RFID tags have been available for several years, but adoption has been slow because the tags are more expensive than bar coding and because standards are lacking to ensure interoperability between tags and data readers. The Auto-ID Center is working with Uniform Code Council Inc. (UCC) in Lawrenceville, N.J., and EAN International in Brussels to develop a standardized EPC format for storing data on RFID tags.

Wal-Mart didn't say how much the effort would cost it or its suppliers or whether new systems will be needed to support the technology. But even at the 5-cents-per-tag price that Wal-Mart said it plans to seek from vendors, the cost of the tags alone would total $50 million. According to the Auto-ID Center's Web site, RFID tags typically cost at least 50 cents each, and RFID readers sell for $1,000 or more. Big companies could require thousands of readers for all their factories, warehouses and stores, the site says. Wal-Mart isn't the only retailer putting its faith in RFID. London-based Marks & Spencer PLC, one of the U.K.'s largest retailers, is rolling out RFID technology in its food supply chain operations. The project involves putting 13.56-MHz RFID tags on 3.5 million new plastic trays used to ship products, according to Keith Mahoney, the company's food logistics controller. Wal-Mart is expected to result in the deployment of nearly 1 billion RFID tags with embedded electronic product codes (EPC) for tracking and identifying items at the individual crate and pallet level.

Wal-Mart Forces RFID Adoption by 2010

Wal-Mart is stepping up pressure on suppliers to comply with its 3-year-old radio frequency identification inventory-technology mandate. The retailer says that beginning Jan. 30, it will charge suppliers a $2 fee for each pallet they ship to its Sam's Club distribution center in Texas that doesn't have an RFID tag. It seems focused on turning its 700-store Sam's Club warehouse-outlet division into an example of RFID supply chain technology in action, down to requiring item-level RFID in 22 distribution centers by 2010.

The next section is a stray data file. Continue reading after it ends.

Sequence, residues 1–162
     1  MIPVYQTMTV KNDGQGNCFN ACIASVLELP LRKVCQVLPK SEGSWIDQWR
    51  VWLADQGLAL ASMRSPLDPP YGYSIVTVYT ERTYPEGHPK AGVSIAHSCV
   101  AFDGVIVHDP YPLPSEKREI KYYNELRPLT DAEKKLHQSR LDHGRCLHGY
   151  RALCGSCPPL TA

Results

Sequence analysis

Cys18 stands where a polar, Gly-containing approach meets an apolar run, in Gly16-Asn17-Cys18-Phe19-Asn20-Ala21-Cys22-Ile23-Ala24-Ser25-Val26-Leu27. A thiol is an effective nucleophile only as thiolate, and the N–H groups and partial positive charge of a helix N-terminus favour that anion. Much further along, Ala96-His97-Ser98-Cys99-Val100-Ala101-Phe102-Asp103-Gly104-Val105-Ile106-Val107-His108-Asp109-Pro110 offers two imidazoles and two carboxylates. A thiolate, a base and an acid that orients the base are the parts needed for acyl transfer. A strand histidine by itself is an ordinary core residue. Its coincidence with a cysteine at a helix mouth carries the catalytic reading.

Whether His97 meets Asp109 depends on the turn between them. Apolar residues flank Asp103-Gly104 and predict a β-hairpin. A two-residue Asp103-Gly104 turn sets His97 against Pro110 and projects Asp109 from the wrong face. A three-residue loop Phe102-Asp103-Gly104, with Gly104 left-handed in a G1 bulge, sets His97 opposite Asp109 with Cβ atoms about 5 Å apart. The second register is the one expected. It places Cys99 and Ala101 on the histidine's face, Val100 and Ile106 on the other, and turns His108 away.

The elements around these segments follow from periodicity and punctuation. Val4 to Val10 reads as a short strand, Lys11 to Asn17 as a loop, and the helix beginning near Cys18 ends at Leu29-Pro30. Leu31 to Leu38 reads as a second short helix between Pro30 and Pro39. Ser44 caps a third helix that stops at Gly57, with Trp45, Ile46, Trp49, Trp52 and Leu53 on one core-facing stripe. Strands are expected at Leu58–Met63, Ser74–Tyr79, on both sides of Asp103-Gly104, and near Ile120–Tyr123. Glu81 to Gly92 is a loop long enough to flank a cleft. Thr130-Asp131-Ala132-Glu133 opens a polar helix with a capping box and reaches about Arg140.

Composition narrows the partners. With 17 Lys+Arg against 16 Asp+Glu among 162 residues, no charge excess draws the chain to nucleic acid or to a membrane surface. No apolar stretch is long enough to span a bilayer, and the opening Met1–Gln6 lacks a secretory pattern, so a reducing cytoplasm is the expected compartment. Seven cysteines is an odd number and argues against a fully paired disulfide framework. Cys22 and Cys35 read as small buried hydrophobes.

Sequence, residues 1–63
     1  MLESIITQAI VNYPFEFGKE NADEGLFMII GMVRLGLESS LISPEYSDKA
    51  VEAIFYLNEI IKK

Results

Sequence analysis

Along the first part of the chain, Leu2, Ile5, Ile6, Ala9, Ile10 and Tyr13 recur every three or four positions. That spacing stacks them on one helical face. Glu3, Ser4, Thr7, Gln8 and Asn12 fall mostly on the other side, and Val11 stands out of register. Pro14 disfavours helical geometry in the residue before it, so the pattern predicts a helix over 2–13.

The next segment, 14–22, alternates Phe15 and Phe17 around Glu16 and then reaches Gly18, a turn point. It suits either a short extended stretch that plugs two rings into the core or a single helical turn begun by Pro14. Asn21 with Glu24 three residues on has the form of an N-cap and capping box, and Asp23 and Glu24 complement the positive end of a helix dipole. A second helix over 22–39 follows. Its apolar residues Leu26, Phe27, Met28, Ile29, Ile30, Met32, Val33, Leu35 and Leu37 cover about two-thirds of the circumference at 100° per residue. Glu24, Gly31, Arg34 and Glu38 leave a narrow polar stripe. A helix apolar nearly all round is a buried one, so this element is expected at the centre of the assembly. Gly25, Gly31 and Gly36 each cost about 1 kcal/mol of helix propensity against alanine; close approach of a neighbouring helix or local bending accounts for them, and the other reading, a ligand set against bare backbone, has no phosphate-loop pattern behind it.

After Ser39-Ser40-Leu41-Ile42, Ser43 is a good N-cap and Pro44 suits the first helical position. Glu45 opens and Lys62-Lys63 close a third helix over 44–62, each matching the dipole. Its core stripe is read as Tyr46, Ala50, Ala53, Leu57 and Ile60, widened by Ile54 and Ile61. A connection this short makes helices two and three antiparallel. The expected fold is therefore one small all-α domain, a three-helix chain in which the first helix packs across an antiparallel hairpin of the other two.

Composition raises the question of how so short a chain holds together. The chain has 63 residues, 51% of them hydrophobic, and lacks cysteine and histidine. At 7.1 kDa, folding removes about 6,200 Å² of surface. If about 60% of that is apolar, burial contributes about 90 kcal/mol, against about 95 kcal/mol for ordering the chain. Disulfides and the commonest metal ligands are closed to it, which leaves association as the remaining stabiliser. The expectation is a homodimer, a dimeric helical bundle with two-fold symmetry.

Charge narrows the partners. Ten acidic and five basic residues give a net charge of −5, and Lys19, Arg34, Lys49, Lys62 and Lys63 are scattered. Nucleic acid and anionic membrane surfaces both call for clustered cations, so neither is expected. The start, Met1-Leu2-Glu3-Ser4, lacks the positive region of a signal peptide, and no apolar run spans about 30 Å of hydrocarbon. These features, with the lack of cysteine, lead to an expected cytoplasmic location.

Wal-Mart chooses to use Hyperion software for merchandising and financial planning

SUNNYVALE, Calif., a global leader in business intelligence software, announced today that Wal-Mart Stores, Inc. (NYSE: WMT) will utilize the industry-leading Hyperion Essbase OLAP (online analytical processing) technology to build an advanced merchandise planning and reporting system. "Wal-Mart, which is experiencing dramatic global growth, is developing a system that provides merchandisers and suppliers around the world with highly accurate financial and merchandise planning projections," said Hyperion Chairman and CEO, Jeff Rodek. "Hyperion's sophisticated Essbase technology will help Wal-Mart create a scalable system that will deliver budgeting, forecasting and planning tools to international operations. The tools will assist associates in creating and accessing forecasting analysis at the 'speed of thought.'" Technology has always been a key driver in Wal-Mart's strategy for reducing its cost of operations and achieving greater performance "We look forward to working with Wal-Mart to implement the new planning system as an effort to achieve its global expansion objectives," said Rodek.

With annual sales of $191 billion, Wal-Mart Stores, Inc. operates more than 2,600 discount stores, Supercenters and Neighbourhood Markets, and more than 480 SAM'S CLUBS in the United States. Wal-Mart employs more than 962,000 associates in the United States and 282,000 in other countries. The company's securities are listed on the New York and Pacific stock exchanges under the symbol WMT. Last year Wal-Mart associates raised and contributed more than $190 million to support communities and local non-profit organizations.             Hyperion and Essbase are registered trademarks and Hyperion Solutions is a trademark of Hyperion Solutions Corporation. All other trademarks and company names mentioned are the property of their respective owners.

Wal-Mart Retail Link : The bridge between Wal-Mart And its vendors